prising when referral sources started to have the same problem. The result was that those sources had to play favorites whether they liked it or not. “If you were an attorney who worked with both Glenda and me, you knew that if you called me, I’d get the revenue and if you called Glenda, she’d get it,” says Young. “That strategy of ‘eat what you kill’ was putting our referral sources and our professional relationships in an awkward position.”
The other problem with functioning as separate entities was that huge strides in efficiency–always touted as a primary reason to band together in the first place–weren’t materializing. With everyone doing their own marketing and handling all the quotidian chores of running a business, the planners spent “maybe 20% of their time” directly serving clients, says Young. He and Kemple started to have an inkling that they needed to do things differently, but they weren’t sure what.
Serious medical situations have a way of focusing the mind, and that’s exactly what it took for the two principals of Quest. In 1997, when everyone else was returning unwanted Christmas presents, Young fell victim to a heart attack and had to have quadruple bypass heart surgery. He was out of the office for nearly five months. The good news was that his personal financial matters were well in hand–the firm has a policy that all planners must have an up-to-date financial plan. The bad news was that Kemple and the other planners had no idea how to pinch-hit for him. “It was, ‘Wait a minute, how do I run this business by myself? I don’t even know Woody’s clients! They don’t know me!’” says Kemple, 51. To add to the turmoil, Young’s support staff wasn’t wild about letting anybody, even Kemple, barge in and try to serve “their” clients. “There was a some level of ‘Well, I work for Woody’ as opposed to ‘I work for Quest,’ and some reluctance to include me in meetings or allow me to help out,” says Kemple. “It became fairly obvious that we did not have a firm at all; we had practices.”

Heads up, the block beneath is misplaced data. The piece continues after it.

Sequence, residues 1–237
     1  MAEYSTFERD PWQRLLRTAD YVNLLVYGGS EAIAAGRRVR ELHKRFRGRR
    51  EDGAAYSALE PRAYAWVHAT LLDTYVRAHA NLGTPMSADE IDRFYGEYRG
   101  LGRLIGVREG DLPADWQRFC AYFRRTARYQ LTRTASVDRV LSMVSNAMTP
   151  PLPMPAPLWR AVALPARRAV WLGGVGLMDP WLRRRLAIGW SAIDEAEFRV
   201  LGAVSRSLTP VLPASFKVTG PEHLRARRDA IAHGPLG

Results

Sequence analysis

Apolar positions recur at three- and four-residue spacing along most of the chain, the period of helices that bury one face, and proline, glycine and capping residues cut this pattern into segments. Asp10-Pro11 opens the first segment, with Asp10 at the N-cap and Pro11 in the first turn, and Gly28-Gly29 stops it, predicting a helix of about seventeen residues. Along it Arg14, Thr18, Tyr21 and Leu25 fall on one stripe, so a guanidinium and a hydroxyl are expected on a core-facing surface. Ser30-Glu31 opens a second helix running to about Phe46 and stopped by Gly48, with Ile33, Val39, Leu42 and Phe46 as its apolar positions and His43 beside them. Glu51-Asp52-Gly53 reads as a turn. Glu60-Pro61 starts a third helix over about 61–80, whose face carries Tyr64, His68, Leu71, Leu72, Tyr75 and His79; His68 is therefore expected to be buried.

When Young got back on his feet that summer, the two principals brought in Mark Tibergien, who specializes in practice valuation and transactions for Moss Adams LLP in Portland. The consultant spent two days interviewing everyone on site, and informed them that their practices could be worth twice as much as an integrated firm as they were in their current form, as individual practices Scotch-taped together. “He told us, ‘You have too much overhead, and everything is dependent on your personalities,’” says Kemple. “‘If Woody hadn’t made it off that operating table, what would happen to the value of your firm?’”
Fate seemed determined to drive the point home; that winter, it was Kemple on the operating table, in this case undergoing back surgery. She was out of the office for three months, and during her absence, Young struggled with the same client and support staff battles that she had faced while he was out. When Kemple returned to work, both principals were ready to make some serious changes.
“One of the things I was able to contribute during my flat-on-my-back disability period was to make a first step at revising our business plan and bringing [the disparate practices] together,” says Kemple. Separate but equal hadn’t worked; it was time to try integration.
Even the most reasonable adults have a bit of the child left in them, and few of us have fully squelched the trait that, as children, made us grumpily draw lines down the middle of the back seat of the family car and scowl, “This is my side! Keep off!” While the planners of Quest wanted to integrate their practices, “everyone certainly had their territorial concerns: ‘This is my client, and I don’t want to lose control,’” says Kemple. “We had to get away from the terminology of ‘This is my client’ to ‘This is our client.’” The firm’s six members brainstormed and brought back Tibergien to help.
Two decisions helped the firm make the leap from “my” to “our”: The “eat what you kill” payment structure was dismantled in favor of salaries, and the four associates were given part ownership of the firm. “Going on salary meant that one person didn’t get paid more because they closed this big insurance policy–that was revenue for the firm,” says Kemple. And as part owners, the associates suddenly had reason to work together to create revenue, rather than battling each other to get a piece of it.